Oesophagogastric (OG) cancers impact on quality of life and have poor survival outcomes. As OG cancers are uncommon and have some non-specific symptoms (e.g. weight loss), they can be challenging to detect early. This study aimed to quantify the extent of presenting symptoms among OG cancer patients at a hospital in the Loddon Mallee region of Victoria.
The Victorian Cancer Registry (VCR) was used to identify patients with a diagnosis of OG cancer (International Classification of Diseases and Related Health Problems-10 diagnosis codes C15 and C16) at a regional hospital over 1/7/2016-31/12/2017. An audit of presenting symptoms was conducted in electronic hospital systems. Proportions of OG cancer patients who presented with each individual symptom, and each two-way combination of dysphagia with another symptom, were calculated. Numbers <5 (<10%) were censored to meet VCR privacy requirements.
Fifty OG cancer patients were diagnosed at the regional hospital. The median age of subjects was 70 years and 78% were male. Metastatic disease was found in 36% of the cohort. Subjects presented with dysphagia (62%), weight loss (36%), constipation (18%), chest pain (14%), nausea/vomiting (14%), reflux (12%), epigastric pain (<10%), dyspepsia (<10%), and abdominal pain (<10%). Dysphagia was observed with all other symptoms: weight loss (28%), chest pain (10%), nausea/vomiting (10%), low haemoglobin (<10%), constipation (<10%), abdominal pain (<10%), dyspepsia (<10%), epigastric pain (<10%), and reflux (<10%).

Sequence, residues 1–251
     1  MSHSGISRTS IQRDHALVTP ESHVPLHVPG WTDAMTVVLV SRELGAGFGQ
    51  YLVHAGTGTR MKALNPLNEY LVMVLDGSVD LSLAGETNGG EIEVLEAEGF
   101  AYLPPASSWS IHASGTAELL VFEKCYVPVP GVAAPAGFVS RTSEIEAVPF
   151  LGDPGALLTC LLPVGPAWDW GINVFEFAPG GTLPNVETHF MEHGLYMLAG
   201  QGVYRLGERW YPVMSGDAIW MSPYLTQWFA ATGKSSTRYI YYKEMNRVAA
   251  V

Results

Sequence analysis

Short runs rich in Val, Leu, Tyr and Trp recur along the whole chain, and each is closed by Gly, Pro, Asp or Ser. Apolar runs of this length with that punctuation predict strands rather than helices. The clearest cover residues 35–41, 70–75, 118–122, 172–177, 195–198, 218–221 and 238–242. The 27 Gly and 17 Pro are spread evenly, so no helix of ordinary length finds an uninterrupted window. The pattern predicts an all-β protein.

Among OG cancer patients diagnosed at a regional Loddon Mallee hospital, the most common presenting symptoms were dysphagia and weight loss. This proportion was greater than in a UK study, likely reflecting the relatively high percentage of metastatic disease in our cohort (36% compared with 0.1%). General practitioners ought to be vigilant for OG cancer symptoms such as dysphagia and weight loss, particularly in combination.